Google has officially announced it’s releasing a browser that goes by the name of Chrome. How did they announce it’s release? Well there are the normal channels all over the web but in an odd marketing twist they released a < a href=http://blogoscoped.com/google-chrome/>comic book that tells it all. The tell all blog comes to us from Philipp Lenssen of Google Blogoscoped and the comic book is illustrated by none other than Scott McCloud (which for a comic book geek such as myself is fairly pertinent information). You can find all the details of Chrome from the post I linked above, so that’s not what I want to talk about. In fact the only thing I want to say about it is that I’m excited for it and they finally produced the first Dyson inspired browser. What I want to talk about is the comic book.
I’ve read the comic book and linked to it in the above paragraph so you can read it too. It’s great. It’s fantastic in fact. There are illustrated representations of Google staff talking about various features of the browser and why it was created. The Japanese have been using comic books for years to advertise, educate, and train new employees so over there this would be nothing new. Here in the good ol’ U.S. of A this is something quite noteworthy. I wonder if this is going to be a new fad, if this type of marketing approach is going to catch on? Zune recently produced a comic book written by Steve Niles(30 Days of Night), each chapter was illustrated by a different artist, and it came along with my monthly subscription to Juxtapoz, so not having to buy it was great and even though the name Zune only appeared on the spine and inside covers of the comic I remembered that they were the ones who sent it my way (thanks Zune). Even Seth Godin is talking about this approach. He attributes it to engagement, I on the other hand attribute it to our attention span being reduced by constant AV over stimulation.
There was a great article on Mashable yesterday rhetorically asking "Is the US becoming a part of the internet backwater?" To which the answer is pretty much a resounding YES and companies like Comcast aren’t helping matters much at all. I fully support Paul Glazowski’s letter and as soon as I move into an area where Comcast isn’t my only option (hopefully later this year) I won’t have any of their overpriced and under delivered services. I think if Comcast truly cared about their users (business and residential both) they would read this article by Mark Dykeman and pull their heads out of their collective asses and see that bandwidth capping is a bad bad bad bad BAD idea. I can’t help but think their competitors see this as a good thing as they are driving business their way, and Qwest’s CEO Ed Mueller is probably sleeping a lot better knowing that Comcast has solved many of his problems for him.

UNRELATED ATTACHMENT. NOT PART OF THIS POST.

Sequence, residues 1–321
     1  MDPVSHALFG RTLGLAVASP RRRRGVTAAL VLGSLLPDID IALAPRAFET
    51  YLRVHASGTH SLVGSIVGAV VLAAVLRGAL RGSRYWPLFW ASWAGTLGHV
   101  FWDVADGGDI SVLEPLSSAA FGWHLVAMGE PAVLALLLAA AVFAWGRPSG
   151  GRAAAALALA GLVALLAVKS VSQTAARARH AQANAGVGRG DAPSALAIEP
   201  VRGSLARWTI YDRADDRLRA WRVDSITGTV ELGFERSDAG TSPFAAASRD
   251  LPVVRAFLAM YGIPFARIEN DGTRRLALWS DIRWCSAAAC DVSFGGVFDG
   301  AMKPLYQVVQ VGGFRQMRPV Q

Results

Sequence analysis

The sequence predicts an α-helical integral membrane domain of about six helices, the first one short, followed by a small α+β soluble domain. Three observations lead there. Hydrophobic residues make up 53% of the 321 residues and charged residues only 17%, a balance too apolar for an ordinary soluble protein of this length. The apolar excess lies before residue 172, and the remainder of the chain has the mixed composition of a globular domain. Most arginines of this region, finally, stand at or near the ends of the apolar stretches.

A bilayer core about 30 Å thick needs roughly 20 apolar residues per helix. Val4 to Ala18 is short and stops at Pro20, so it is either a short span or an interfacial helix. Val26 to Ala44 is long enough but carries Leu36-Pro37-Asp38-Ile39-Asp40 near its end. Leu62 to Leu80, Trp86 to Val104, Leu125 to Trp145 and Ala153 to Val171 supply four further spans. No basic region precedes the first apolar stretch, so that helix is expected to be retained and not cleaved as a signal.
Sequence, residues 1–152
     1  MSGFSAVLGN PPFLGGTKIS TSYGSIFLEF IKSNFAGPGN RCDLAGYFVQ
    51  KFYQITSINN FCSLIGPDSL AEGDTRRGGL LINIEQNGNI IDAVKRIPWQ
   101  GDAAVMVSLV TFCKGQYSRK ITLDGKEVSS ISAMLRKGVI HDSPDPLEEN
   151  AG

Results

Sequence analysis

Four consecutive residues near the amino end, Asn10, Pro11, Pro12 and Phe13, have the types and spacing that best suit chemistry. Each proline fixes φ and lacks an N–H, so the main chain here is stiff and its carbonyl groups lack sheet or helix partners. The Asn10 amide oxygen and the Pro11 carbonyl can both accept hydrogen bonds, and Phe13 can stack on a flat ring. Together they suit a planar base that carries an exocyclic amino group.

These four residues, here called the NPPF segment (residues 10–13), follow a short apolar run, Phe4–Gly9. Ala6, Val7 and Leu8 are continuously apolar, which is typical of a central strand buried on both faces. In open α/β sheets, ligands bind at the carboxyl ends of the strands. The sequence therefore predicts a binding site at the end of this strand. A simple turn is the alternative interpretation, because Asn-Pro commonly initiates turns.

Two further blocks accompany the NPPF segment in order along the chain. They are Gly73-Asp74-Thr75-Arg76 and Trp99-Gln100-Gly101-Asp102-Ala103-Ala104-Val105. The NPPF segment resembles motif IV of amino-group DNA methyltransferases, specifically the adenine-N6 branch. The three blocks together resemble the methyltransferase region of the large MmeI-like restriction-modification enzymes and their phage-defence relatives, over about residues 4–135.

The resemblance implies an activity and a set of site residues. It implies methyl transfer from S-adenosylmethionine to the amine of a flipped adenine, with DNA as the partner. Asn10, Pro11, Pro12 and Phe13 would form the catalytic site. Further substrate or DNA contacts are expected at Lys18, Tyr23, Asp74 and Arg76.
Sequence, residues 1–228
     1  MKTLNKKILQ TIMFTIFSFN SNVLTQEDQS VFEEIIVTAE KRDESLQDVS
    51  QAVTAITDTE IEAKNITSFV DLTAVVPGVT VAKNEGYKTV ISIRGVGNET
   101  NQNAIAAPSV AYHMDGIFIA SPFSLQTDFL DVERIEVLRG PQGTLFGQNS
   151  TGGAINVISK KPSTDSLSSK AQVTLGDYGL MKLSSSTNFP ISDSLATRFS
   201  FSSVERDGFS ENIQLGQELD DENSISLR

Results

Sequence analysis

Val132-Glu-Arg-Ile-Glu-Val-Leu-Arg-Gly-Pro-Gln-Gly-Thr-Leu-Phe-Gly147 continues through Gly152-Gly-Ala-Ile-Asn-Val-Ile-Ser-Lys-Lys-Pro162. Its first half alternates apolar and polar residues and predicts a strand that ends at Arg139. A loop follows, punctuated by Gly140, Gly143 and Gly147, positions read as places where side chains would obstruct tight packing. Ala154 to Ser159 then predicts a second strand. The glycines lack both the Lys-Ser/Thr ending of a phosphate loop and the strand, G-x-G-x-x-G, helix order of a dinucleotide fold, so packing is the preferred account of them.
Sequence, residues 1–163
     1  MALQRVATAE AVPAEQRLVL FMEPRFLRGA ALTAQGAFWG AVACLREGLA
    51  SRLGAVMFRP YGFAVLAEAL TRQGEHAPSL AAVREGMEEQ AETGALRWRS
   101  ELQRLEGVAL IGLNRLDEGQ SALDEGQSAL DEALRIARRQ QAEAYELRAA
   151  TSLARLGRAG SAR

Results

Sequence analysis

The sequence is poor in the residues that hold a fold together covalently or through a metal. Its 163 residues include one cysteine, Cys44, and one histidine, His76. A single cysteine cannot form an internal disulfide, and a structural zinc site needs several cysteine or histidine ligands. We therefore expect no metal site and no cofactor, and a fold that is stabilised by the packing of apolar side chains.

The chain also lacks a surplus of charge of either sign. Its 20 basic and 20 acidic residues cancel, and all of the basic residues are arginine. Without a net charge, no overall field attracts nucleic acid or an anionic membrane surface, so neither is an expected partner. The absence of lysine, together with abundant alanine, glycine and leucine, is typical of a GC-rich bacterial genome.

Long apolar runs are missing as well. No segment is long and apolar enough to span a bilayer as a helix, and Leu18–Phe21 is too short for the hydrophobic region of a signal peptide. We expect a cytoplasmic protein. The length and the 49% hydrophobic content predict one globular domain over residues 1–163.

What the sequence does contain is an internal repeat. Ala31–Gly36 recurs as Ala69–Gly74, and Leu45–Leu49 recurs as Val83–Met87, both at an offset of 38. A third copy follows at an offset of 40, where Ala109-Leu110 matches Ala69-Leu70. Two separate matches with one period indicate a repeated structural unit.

A move this ridiculous, this just plain stupid feels like (Comcast’s CEO) is standing on a box and screaming "We blew our load acquiring more than we can financially handle so we need to screw our customers to recoup the expense". Are they going to reduce the price of their ridiculously expensive internet? No. Are they going to give us more choices on our basic cable packages to help makeup for reducing my Hulu usage? No. I’ve got a better option for them. How about you create a tiered package that goes along with your speeds? People who don’t use the internet for much more than reading email and the news can grab a smaller cap and pay a much smaller fee, then have a mid level (the 250g you are currently proposing) followed by an unlimited (like it is now) with associated monthly fees. This would help them grab customers from competitors by offering lower priced packages that fit many daily users needs and still keep many of your current customers by allowing us to keep our unlimited access, unless you jacked the price up that is, in which case I would still leave you. Customers are picky like that we don’t like suddenly getting less than we are paying for.